Like raccoons you see out in the daytime, this book should be avoided.

Different family members have different talents.

Lucky, the youngest of four raccoon siblings, eagerly awaits the day he is old enough to join the family business. When he is deemed big enough, he joins his family in their ongoing hunt for food, raiding dumpsters and compost bins and scrounging for rotting fruit. Along the way, they’re called “robbers,” “thieves,” and “bandits” by the people who own the rubbish bins in which they’re foraging. Aware for the first time of others’ perceptions of his family, Lucky develops a stomachache at the thought of continuing the tradition and instead tries paying for snacks with found money and ultimately using his dancing skills to busk for money. Of course, a happy ending ensues, and the family business is modified. The book has fair pacing and amusing digital illustrations, but any educator, librarian, or caregiver who knows or suspects they know a family struggling with food insecurity will likely find this a problematic title. The raccoons are branded thieves for taking unwanted and discarded food items, and Lucky is treated with respect only when he has enough money to pay. In addition, the book contains a deeply flawed, not-so-subtle message that all it takes to change a family’s ability to provide food are honesty and pluck. Human characters are racially diverse; one character uses a wheelchair. (This book was reviewed digitally.)

Like raccoons you see out in the daytime, this book should be avoided. (Picture book. 6-10)

Pub Date: July 19, 2022

ISBN: 978-0-0628-9886-9

Page Count: 40

Publisher: HarperCollins

Review Posted Online: June 21, 2022

Kirkus Reviews Issue: July 15, 2022


From the Horrible Harry series , Vol. 37

A fitting farewell, still funny, acute, and positive in its view of human nature even in its 37th episode.

A long-running series reaches its closing chapters.

Having, as Kline notes in her warm valedictory acknowledgements, taken 30 years to get through second and third grade, Harry Spooger is overdue to move on—but not just into fourth grade, it turns out, as his family is moving to another town as soon as the school year ends. The news leaves his best friend, narrator “Dougo,” devastated…particularly as Harry doesn’t seem all that fussed about it. With series fans in mind, the author takes Harry through a sort of last-day-of-school farewell tour. From his desk he pulls a burned hot dog and other items that featured in past episodes, says goodbye to Song Lee and other classmates, and even (for the first time ever) leads Doug and readers into his house and memento-strewn room for further reminiscing. Of course, Harry isn’t as blasé about the move as he pretends, and eyes aren’t exactly dry when he departs. But hardly is he out of sight before Doug is meeting Mohammad, a new neighbor from Syria who (along with further diversifying a cast that began as mostly white but has become increasingly multiethnic over the years) will also be starting fourth grade at summer’s end, and planning a written account of his “horrible” buddy’s exploits. Finished illustrations not seen.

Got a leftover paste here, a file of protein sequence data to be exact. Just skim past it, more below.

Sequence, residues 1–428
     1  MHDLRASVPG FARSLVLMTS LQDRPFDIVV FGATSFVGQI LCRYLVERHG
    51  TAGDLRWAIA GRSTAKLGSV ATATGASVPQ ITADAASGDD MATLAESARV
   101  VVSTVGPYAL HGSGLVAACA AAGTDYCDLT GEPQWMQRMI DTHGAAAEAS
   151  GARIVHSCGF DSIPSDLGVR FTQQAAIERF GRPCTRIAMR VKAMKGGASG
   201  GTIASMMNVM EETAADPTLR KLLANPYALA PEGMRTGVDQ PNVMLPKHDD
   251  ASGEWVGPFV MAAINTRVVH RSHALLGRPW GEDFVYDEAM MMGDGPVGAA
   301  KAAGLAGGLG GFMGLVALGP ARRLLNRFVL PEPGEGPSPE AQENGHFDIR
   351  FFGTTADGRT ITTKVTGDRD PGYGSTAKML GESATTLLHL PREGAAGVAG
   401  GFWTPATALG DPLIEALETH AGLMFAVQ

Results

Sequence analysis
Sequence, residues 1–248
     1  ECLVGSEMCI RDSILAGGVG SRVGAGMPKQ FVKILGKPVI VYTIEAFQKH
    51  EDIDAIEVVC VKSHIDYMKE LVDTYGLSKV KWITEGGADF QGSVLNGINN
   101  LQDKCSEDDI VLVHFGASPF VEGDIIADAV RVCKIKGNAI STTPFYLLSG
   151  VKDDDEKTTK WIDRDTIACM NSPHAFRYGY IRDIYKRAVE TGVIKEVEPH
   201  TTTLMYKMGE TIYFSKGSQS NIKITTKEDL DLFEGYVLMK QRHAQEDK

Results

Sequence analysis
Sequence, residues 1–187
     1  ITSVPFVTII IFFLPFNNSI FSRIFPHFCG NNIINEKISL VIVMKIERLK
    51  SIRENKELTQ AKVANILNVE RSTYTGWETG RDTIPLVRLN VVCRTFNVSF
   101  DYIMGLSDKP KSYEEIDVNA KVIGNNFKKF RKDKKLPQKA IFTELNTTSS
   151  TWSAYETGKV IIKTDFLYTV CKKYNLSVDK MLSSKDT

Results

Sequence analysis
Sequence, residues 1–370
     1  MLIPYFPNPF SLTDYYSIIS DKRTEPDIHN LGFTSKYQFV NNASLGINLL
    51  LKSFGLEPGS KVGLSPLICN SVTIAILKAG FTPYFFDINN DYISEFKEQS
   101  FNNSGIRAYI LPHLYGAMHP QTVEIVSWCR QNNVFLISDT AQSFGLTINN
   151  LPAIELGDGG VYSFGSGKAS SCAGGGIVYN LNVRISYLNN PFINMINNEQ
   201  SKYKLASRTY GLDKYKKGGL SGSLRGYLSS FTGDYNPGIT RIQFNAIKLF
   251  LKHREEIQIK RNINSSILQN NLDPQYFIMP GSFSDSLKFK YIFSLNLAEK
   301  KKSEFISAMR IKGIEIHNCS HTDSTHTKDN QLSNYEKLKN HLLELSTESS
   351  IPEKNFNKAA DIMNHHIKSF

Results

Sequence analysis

A fitting farewell, still funny, acute, and positive in its view of human nature even in its 37th episode. (Fiction. 7-9)

Pub Date: Nov. 27, 2018

ISBN: 978-0-451-47963-1

Page Count: 80

Publisher: Viking

Review Posted Online: Sept. 16, 2018

Kirkus Reviews Issue: Oct. 1, 2018


From the Bea Garcia series , Vol. 4

A funny and timely primer for budding activists.

Problems are afoot at Emily Dickinson Elementary School, and it’s up to Bea Garcia to gather the troops and fight.

Bea Garcia and her best friend, Judith Einstein, sit every day under the 250-year-old oak tree in their schoolyard and imagine a face in its trunk. They name it “Emily” after their favorite American poet. Bea loves to draw both real and imagined pictures of their favorite place—the squirrels in the tree, the branches that reach for the sky, the view from the canopy even though she’s never climbed that high. Until the day a problem boy does climb that high, pelting the kids with acorns and then getting stuck. Bert causes such a scene that the school board declares Emily a nuisance and decides to chop it down. Bea and Einstein rally their friends with environmental facts, poetry, and artwork to try to convince the adults in their lives to change their minds. Bea must enlist Bert if she wants her plan to succeed. Can she use her imagination and Bert’s love of monsters to get him in line? In Bea’s fourth outing, Zemke gently encourages her protagonist to grow from an artist into an activist. Her energy and passion spill from both her narration and her frequent cartoons, which humorously extend the text. Spanish-speaking Bea’s Latinx, Einstein and Bert present white, and their classmates are diverse.

A funny and timely primer for budding activists. (Graphic/fiction hybrid. 6-9)

Pub Date: May 14, 2019

ISBN: 978-0-7352-2941-9

Page Count: 160

Publisher: Dial Books

Review Posted Online: March 16, 2019

Kirkus Reviews Issue: April 1, 2019

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